Of the many types of bees, carpenter bees (Xylocopa virginica) are the main concern of homeowners. Carpenter bees, also known as “wood-cutter bees” get their name from the fact that they burrow in dead wood – including trees and the wood framing and ornament used in houses. Carpenter bees do not eat wood. The female carpenter bees do most of the “digging” (usually along the grain of the wood) to deposit their eggs and discard their wood shavings or use them to produce divisions in their nests. Carpenter bees make these nests by vibrating their bodies and rasping their mandibles to tunnel into wood. Though each tunnel, like a beehive, as only one entrance, the interior of the nest may include several branches and passages through the wood. Like honey bees use a beehive, carpenter bees use their wood tunnels as a nursery and storage for pollen or nectar. Whereas most types of bees fill their brood cells with a soupy mass, carpenter bees deposit their eggs into the long tunnels and seal them with chewed wood pulp.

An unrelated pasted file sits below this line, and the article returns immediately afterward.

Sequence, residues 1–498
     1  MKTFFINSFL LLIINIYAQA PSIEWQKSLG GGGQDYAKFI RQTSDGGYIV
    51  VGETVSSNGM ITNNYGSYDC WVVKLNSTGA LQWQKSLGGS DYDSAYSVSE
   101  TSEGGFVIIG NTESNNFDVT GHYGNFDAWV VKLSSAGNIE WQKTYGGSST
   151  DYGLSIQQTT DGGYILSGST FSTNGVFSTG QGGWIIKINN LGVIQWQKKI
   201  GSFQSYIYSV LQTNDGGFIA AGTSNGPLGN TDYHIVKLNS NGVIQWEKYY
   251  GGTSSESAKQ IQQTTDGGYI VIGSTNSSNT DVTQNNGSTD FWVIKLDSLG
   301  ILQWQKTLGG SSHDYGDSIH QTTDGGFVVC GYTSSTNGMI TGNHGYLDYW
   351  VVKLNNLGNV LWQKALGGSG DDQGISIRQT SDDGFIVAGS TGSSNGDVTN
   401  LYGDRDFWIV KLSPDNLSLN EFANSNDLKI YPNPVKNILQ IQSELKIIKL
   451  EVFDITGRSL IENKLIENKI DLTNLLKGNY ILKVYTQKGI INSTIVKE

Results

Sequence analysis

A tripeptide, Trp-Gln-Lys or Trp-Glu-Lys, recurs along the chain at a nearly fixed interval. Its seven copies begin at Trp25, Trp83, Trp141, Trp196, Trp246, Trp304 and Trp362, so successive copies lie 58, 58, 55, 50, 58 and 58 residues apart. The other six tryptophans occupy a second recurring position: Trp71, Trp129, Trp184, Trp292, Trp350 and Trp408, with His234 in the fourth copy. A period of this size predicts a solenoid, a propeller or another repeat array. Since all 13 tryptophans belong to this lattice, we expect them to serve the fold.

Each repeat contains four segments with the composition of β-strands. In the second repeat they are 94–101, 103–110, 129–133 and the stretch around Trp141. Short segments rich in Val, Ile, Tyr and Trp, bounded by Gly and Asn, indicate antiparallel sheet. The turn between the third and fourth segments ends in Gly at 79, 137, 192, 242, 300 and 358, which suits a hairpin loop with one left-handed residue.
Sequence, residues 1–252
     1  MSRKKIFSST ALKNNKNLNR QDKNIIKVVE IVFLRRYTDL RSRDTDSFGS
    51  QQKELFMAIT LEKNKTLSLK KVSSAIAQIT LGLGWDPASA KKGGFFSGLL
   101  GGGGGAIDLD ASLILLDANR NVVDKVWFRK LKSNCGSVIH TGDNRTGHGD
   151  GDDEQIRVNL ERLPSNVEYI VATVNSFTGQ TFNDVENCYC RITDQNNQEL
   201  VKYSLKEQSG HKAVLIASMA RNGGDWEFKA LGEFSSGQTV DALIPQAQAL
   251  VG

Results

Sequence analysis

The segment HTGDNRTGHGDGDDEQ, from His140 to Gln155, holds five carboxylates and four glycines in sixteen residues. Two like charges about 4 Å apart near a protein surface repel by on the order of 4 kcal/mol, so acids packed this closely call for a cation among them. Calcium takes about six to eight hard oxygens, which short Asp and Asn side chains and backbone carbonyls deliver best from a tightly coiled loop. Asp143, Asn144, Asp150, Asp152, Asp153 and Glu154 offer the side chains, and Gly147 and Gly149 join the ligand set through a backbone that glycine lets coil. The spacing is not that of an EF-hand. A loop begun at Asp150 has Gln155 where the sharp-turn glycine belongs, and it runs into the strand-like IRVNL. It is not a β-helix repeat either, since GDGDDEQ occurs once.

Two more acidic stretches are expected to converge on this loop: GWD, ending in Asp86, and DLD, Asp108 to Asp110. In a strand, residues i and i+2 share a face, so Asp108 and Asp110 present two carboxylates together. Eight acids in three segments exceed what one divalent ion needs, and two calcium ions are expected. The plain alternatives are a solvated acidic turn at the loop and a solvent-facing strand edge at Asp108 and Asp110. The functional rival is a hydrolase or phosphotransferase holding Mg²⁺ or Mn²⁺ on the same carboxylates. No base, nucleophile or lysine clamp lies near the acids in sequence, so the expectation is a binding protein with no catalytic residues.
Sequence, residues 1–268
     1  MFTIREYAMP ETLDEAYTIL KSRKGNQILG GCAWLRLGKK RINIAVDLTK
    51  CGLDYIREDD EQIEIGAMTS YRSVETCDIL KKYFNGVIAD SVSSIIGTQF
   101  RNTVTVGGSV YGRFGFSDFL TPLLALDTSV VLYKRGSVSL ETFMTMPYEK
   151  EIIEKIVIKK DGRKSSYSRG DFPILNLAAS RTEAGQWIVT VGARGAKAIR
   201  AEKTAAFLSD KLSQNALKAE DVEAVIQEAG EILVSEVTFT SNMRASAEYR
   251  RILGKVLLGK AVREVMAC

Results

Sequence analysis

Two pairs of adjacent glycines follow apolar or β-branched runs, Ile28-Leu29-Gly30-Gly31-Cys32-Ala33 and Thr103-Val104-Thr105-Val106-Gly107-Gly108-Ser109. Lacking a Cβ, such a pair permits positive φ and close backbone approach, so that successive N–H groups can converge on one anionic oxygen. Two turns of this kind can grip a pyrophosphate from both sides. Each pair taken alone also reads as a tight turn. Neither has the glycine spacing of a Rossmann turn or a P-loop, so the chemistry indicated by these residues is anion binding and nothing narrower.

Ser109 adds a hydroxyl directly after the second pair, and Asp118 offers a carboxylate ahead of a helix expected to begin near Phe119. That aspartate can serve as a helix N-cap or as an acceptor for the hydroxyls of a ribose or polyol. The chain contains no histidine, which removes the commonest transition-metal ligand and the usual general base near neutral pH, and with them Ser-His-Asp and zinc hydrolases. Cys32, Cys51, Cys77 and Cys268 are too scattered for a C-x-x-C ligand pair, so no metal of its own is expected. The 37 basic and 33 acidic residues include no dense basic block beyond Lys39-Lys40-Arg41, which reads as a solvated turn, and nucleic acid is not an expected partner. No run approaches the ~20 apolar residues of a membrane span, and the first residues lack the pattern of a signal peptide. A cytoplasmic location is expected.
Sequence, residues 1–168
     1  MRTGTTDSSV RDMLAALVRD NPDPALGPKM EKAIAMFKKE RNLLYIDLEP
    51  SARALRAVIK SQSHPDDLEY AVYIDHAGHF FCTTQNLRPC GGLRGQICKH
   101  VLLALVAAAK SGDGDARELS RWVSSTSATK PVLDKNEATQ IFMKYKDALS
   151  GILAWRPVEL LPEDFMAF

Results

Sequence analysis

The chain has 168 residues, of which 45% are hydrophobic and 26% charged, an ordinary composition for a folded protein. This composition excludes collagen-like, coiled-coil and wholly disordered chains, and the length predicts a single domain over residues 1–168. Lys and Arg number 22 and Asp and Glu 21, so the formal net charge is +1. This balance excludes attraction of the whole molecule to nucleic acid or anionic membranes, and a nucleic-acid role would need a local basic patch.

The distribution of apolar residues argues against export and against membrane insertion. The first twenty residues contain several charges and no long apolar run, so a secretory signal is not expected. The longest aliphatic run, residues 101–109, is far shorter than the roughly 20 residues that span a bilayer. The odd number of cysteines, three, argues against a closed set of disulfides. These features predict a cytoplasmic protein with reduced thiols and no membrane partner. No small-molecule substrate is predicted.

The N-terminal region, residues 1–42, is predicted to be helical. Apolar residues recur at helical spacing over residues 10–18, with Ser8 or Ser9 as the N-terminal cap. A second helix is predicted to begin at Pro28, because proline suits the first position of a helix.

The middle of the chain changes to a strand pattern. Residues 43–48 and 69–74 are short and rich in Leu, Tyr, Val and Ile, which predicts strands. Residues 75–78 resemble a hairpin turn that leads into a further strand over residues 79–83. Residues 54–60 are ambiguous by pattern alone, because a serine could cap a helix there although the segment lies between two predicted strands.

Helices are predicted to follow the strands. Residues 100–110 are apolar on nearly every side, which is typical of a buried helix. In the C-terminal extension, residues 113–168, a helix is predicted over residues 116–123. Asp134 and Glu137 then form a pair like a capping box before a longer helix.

In American, carpenter bees are found from Kansas to Texas and eastward to the Atlantic. If you see bees buzzing around the eaves of your house, chances are you have carpetneer bees.They look similar in size and color to bumble bees, though carpenter bees have a shiny abdomen and bumble bees have a hairy abdomen. Carpenter beers are also different from other types of bees in that that they are not a social insect. Also, carpenter bees aren’t very likely to sting you.
Carpenter bees can cause significant damage to your home. They attack unpainted or unvarnished wood like doors, windowsills, roof eaves, singles, and sometimes even furniture. They are sometimes confused with termintes, as the indicators are very similar. Small holes in the wall (about 25mm, or the size of a bees body) and little piles of sawdust are signs that you might have carpenter bees.